The representative body for New Zealand’s eight universities.
The New Zealand Vice-Chancellors' Committee website.
Three exceptional students with a strong desire to create a better world have won valuable scholarships to prestigious Duke University in the United States.
Their scholarships, each worth $100,000 a year, are funded by New York philanthropist Julian Robertson.
The winners are Jamie Band from Dunedin who will be studying biology, Tom Prebble from Auckland who plans to take a bachelor of science majoring in economics, and Sarah Wright from Rangiora whose degree will be in genetics, molecular biology and biochemistry.
Since moving from London in 2007, Jamie Band has topped all his subjects every year at John McGlashan College, and was Dux and Head Academic Prefect last year. He went on to score a near maximum score in the International Baccalaureate Diploma, and a score of 2340 in the SATs.
The elected student representative on the school’s board of trustees, he instigated a peer tutoring programme and spent many hours tutoring younger students in a wide range of subjects. Jamie has been involved in rugby, cricket and cross-country, and is an accomplished public speaker.
With his passion for the life sciences and medicine Jamie believes a degree from such an esteemed university as Duke will enable him to “make the greatest difference that I am capable of doing. I aspire to work both in countries like New Zealand as well as those less fortunate, spreading my time between the two so as to improve the well-being of others.
Tom Prebble gained numerous academic distinctions at King's College including his full academic colours and membership of the Scholars' Common Room. In his Scholarship examinations he achieved Scholarships in English and Statistics and Modelling while in the Cambridge International Examinations he attained four A-Level A* grades and an A in Further Mathematics, and was Top in the World for A-Level Thinking Skills.
Tom was Deputy Head Prefect and School Captain of Orienteering. He has also represented his school at athletics, cricket, hockey, rugby, rowing, tennis and water polo. He was awarded his full cultural colours, playing a prominent part in drama (Glee Club), debating and the school concert band.
Studying economics at Duke will be “a life-changing experience”, says Tom. “I want to be exposed to mind-boggling ideas that disturb my world view and make me question my thoughts and values.” His ambition is to “influence global events in a positive way on an international stage as either a leader in a field or for my country. Studying at Duke will only allow me to do this better.”
Sarah Wright was Dux of St Andrew’s College in 2011, receiving school prizes in seven subjects. In the Scholarship exams she came top in New Zealand in Biology and gained a Premier Award with outstanding Scholarships in Physics, Calculus and Statistics and Modelling, and Scholarship in Geography and Chemistry. In NCEA she gained 155 excellence credits out of a possible 155 at Level 3.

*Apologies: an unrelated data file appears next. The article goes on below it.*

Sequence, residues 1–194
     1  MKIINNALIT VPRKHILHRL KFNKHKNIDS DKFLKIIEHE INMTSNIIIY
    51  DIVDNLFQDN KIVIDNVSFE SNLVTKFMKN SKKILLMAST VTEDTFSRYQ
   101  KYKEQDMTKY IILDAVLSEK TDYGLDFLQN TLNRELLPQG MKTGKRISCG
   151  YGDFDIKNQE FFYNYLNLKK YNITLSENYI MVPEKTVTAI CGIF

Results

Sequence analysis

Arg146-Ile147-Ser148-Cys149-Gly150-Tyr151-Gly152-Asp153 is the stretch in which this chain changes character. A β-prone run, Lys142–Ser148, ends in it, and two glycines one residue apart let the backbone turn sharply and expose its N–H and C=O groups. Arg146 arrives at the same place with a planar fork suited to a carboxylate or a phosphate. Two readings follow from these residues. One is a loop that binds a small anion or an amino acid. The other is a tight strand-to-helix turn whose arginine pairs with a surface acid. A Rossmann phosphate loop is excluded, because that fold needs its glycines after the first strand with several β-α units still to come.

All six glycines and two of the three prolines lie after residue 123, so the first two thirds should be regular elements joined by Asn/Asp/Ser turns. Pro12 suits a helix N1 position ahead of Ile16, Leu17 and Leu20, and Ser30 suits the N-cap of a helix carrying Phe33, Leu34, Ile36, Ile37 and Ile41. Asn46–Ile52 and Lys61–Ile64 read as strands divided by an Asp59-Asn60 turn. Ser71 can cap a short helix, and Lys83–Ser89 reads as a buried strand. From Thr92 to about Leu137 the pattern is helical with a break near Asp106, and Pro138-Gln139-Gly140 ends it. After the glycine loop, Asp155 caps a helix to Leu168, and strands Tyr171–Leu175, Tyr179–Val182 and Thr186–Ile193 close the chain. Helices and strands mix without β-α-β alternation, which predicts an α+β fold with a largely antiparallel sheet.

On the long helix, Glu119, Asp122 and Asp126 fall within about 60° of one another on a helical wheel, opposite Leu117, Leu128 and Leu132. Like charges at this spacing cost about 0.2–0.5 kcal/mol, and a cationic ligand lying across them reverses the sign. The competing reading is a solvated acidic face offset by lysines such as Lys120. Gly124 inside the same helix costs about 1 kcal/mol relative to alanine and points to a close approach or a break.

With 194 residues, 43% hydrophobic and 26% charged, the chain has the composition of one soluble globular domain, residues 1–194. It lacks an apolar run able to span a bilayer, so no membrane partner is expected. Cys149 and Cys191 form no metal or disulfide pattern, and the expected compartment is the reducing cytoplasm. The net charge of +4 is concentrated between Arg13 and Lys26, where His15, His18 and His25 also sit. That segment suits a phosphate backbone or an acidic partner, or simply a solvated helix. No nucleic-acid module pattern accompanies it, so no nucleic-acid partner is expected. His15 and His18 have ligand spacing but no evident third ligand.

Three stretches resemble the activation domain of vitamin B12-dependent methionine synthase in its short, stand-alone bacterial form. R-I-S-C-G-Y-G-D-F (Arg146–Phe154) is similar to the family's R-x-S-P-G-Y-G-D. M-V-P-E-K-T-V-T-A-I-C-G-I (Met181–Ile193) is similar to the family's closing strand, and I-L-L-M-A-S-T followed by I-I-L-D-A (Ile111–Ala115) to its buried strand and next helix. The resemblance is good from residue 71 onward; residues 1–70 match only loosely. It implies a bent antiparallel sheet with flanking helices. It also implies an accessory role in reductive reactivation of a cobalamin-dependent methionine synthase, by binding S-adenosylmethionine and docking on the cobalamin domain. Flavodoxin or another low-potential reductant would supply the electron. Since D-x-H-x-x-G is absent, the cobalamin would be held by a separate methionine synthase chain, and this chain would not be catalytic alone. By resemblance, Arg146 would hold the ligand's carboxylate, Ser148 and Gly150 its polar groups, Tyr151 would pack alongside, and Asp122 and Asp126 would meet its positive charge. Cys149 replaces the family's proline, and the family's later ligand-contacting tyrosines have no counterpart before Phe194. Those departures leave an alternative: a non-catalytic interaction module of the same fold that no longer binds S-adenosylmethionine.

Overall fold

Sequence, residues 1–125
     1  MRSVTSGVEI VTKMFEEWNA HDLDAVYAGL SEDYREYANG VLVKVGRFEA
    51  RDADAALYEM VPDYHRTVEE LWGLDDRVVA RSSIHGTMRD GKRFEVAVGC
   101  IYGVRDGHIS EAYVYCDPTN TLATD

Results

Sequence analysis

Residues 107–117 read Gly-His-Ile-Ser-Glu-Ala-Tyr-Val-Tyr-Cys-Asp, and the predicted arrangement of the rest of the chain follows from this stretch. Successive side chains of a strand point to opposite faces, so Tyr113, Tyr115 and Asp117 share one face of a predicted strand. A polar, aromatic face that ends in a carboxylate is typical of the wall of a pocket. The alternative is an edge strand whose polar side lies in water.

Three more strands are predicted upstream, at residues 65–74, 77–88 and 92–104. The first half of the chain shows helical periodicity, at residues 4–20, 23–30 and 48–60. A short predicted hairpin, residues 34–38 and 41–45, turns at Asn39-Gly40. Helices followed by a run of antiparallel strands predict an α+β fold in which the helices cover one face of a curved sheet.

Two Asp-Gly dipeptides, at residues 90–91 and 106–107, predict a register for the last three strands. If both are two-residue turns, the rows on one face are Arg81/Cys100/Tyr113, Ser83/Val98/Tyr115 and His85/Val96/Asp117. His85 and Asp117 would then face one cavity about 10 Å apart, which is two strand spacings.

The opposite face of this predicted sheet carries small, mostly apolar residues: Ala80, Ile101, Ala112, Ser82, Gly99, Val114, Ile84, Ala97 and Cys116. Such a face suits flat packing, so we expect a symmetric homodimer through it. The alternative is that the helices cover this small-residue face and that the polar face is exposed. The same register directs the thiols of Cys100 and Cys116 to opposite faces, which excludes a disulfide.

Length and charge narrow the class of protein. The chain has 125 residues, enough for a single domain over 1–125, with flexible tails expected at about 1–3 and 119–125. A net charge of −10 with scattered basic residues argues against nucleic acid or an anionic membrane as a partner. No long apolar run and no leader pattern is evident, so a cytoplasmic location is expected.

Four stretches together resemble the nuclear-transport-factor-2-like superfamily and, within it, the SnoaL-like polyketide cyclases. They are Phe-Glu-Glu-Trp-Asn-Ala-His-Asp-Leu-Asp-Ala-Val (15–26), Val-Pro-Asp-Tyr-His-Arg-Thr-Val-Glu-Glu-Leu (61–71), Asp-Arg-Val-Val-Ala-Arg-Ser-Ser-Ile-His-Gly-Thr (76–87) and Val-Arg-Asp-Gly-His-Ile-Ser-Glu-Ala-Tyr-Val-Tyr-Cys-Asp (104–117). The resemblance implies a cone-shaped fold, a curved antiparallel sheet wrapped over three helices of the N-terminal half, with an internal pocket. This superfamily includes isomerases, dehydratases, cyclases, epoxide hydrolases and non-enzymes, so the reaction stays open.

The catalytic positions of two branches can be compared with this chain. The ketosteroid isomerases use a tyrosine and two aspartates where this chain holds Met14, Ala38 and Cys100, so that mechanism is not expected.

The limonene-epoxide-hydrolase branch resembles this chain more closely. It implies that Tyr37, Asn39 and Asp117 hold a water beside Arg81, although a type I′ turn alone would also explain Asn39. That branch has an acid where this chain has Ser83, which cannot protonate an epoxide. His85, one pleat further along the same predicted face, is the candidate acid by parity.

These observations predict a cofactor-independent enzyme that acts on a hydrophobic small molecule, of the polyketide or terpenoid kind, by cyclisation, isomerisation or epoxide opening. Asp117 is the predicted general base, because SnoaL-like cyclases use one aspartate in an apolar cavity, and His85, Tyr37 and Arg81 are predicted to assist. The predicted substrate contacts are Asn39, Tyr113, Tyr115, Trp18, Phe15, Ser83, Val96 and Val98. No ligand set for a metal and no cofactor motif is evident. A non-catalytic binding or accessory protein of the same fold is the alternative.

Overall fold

Last year Sarah was Academic Captain, a College Prefect, and organised the school’s reading assistance and peer tutoring programmes. She captained the school shooting team and has represented New Zealand in smallbore target shooting in junior through to open levels. In hockey she was in the school second eleven for five years. Sarah was involved in cultural and community activities including post-earthquake relief as a member of the Student Volunteer Army and helping distribute food and supplies to families in need.
She relishes being taught by academics at the forefront of their fields at a selective university such as Duke and being party to ground-breaking research. “As well as being stimulating it will help me develop to my full potential.” Sarah aims to do research that will benefit society in such areas as biomedicine, genetics or biotechnology. “I want to be involved in work that is both rewarding and challenging, and has the potential to make a difference to the world.”
Up to three Robertson Scholarships, covering free tuition and board and a living allowance for up to four years, are offered annually in New Zealand, two in Australia, one in Sweden and 24 in the United States. Selection is based on academic ability, leadership potential, commitment to community service, courage, collaborative spirit and a strongly ethical outlook.
Julian Robertson, who has long spent part of each year in New Zealand, and his late wife Jose established the Robertson Programme in 2000 with a $US24 million gift. Mr Robertson founded the Tiger Management hedge fund, and their generosity has benefited other causes in this country including the Auckland Art Gallery.
The Robertson Scholars Programme is administered by Universities New Zealand — Te Pōkai Tara. The deadline for applications is 1 December. More information on the scholarship can be found at www.universitiesnz.ac.nz
Duke University is a private research university in Durham, North Carolina founded in 1838. It has nearly 18,000 students on an 8600-acre campus. Its research expenditure is among the ten highest of any United States university. Duke was ranked 19th worldwide in the 2011 QS World University Rankings.